In digital signal processing, **sampling frequency** is the rate at which sampling is done. Sampling frequency is usually measured in hertz, or samples per second.

When converting from analog to digital, the analog signal must usually be sampled -- that is, measured or read -- at discrete intervals of time. The length of the interval depends on the application, but is limited by the Nyquist-Shannon sampling theorem. The sampling frequency is the inverse of this number: the smaller the interval, the higher the frequency, and, in general, higher frequencies imply higher-quality sampling.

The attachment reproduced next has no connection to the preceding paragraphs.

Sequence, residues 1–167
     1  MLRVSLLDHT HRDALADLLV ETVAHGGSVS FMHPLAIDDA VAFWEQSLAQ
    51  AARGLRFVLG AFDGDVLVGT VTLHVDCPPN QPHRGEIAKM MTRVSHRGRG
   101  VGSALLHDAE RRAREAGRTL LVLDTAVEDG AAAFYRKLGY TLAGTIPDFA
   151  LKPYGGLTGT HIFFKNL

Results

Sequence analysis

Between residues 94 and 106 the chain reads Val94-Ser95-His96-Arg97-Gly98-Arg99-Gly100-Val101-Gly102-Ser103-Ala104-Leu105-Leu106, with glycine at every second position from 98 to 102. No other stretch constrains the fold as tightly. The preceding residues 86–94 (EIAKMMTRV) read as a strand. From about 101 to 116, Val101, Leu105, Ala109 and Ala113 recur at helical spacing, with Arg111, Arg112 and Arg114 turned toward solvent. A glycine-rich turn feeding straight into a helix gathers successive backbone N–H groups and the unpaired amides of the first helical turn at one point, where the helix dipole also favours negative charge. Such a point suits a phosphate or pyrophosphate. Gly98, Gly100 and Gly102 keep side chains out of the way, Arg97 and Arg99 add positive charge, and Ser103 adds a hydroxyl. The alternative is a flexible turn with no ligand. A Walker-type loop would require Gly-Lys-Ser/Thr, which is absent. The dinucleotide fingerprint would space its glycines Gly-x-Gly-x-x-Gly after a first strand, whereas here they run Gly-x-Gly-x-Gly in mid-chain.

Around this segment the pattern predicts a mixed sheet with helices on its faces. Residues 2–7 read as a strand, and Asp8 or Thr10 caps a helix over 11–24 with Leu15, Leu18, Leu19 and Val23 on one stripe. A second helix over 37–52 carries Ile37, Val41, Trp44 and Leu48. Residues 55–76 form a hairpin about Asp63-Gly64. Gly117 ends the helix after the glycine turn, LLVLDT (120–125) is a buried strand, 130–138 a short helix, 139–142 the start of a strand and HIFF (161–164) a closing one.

In digital audio, common sampling rates are:

- 8000 Hz - telephone
- 44100 Hz - compact disc
- 48000 Hz - digital sound used for films
- 192400 Hz - DVD Audio and Super Audio CD

When analogue video is converted to digital video, a different sampling process occurs, this time at the pixel frequency. Some common pixel sampling rates are:

- 13.5 MHz - CCIR 601, D1 video

See also: